May Swenson | Criticism

This literature criticism consists of approximately 2 pages of analysis & critique of May Swenson.
This section contains 415 words
(approx. 2 pages at 300 words per page)
Buy the Critical Essay by Winfield Townley Scott

SOURCE: "Has Anyone Seen a Trend?," in The Saturday Review, New York, Vol. XLII, No. 1, January 3, 1959, pp. 12-14, 32.

A New England poet in the tradition of Robert Frost, Scott was a conventional lyricist who favored a straightforward, uncluttered style in his many biographical and story poems. In the following excerpt, he praises Swenson's talent but chastises her excessive cleverness in A Cage of Spines.

On Swenson's poetic skill:

Nobody writes poetry quite like May Swenson anymore. She is a genuine anomaly: mischievous, inquisitive in the extreme, and totally given over to the task of witnessing the physical world. …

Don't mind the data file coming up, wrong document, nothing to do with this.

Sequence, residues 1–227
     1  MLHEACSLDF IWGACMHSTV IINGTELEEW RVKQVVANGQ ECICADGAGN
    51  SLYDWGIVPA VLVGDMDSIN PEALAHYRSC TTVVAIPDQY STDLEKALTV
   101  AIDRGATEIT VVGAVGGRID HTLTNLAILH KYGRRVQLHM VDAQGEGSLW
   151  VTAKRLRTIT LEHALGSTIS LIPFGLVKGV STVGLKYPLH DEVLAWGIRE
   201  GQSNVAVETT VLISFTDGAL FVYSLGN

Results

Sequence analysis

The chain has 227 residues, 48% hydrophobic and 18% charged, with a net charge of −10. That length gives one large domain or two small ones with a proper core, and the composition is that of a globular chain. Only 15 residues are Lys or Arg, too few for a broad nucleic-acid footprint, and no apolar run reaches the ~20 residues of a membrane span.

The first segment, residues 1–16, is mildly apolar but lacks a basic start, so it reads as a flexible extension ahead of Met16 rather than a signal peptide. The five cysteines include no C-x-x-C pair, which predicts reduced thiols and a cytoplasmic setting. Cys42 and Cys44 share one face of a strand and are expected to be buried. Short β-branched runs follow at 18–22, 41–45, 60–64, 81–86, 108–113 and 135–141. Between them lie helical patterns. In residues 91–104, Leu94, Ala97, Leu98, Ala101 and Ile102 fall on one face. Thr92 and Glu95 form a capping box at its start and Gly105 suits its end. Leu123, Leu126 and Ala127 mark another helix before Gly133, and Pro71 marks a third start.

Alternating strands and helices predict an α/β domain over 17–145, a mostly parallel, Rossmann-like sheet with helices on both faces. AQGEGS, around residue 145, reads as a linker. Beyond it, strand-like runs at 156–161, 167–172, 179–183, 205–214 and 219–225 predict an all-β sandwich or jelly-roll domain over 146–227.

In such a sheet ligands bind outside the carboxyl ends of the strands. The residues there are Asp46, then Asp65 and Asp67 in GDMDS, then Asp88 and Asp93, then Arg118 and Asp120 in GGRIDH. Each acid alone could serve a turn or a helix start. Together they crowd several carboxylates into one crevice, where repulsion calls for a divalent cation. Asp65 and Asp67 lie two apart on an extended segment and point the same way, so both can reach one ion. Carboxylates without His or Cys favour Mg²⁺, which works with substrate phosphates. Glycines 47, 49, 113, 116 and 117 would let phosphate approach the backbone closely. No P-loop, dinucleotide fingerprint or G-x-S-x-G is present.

Never solemn or self-indulgent, eschewing the big finale, Swenson is intent on noticing everything around her while preferring herself to remain in the wings. Sometimes she subjugates the self to such an extent that it may seem on the verge of disappearing altogether from the poem. But her language is...

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This section contains 415 words
(approx. 2 pages at 300 words per page)
Buy the Critical Essay by Winfield Townley Scott
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Critical Essay by Winfield Townley Scott from Gale. ©2005-2006 Thomson Gale, a part of the Thomson Corporation. All rights reserved.
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